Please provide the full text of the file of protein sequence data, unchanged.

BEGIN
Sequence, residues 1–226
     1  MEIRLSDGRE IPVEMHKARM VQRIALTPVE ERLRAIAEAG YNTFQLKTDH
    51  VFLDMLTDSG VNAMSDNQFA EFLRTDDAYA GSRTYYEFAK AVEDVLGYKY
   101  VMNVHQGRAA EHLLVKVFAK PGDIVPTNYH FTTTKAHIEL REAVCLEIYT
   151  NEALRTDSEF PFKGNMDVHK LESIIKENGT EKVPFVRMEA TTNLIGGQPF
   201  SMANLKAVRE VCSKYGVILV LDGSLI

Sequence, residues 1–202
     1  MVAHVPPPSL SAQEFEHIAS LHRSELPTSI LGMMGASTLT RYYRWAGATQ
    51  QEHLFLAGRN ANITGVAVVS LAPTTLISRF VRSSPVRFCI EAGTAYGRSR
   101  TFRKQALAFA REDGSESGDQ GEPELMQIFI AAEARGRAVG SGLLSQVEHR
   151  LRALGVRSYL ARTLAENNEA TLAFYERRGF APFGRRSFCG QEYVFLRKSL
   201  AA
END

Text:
Sequence, residues 1–226
     1  MEIRLSDGRE IPVEMHKARM VQRIALTPVE ERLRAIAEAG YNTFQLKTDH
    51  VFLDMLTDSG VNAMSDNQFA EFLRTDDAYA GSRTYYEFAK AVEDVLGYKY
   101  VMNVHQGRAA EHLLVKVFAK PGDIVPTNYH FTTTKAHIEL REAVCLEIYT
   151  NEALRTDSEF PFKGNMDVHK LESIIKENGT EKVPFVRMEA TTNLIGGQPF
   201  SMANLKAVRE VCSKYGVILV LDGSLI

Sequence, residues 1–202
     1  MVAHVPPPSL SAQEFEHIAS LHRSELPTSI LGMMGASTLT RYYRWAGATQ
    51  QEHLFLAGRN ANITGVAVVS LAPTTLISRF VRSSPVRFCI EAGTAYGRSR
   101  TFRKQALAFA REDGSESGDQ GEPELMQIFI AAEARGRAVG SGLLSQVEHR
   151  LRALGVRSYL ARTLAENNEA TLAFYERRGF APFGRRSFCG QEYVFLRKSL
   201  AA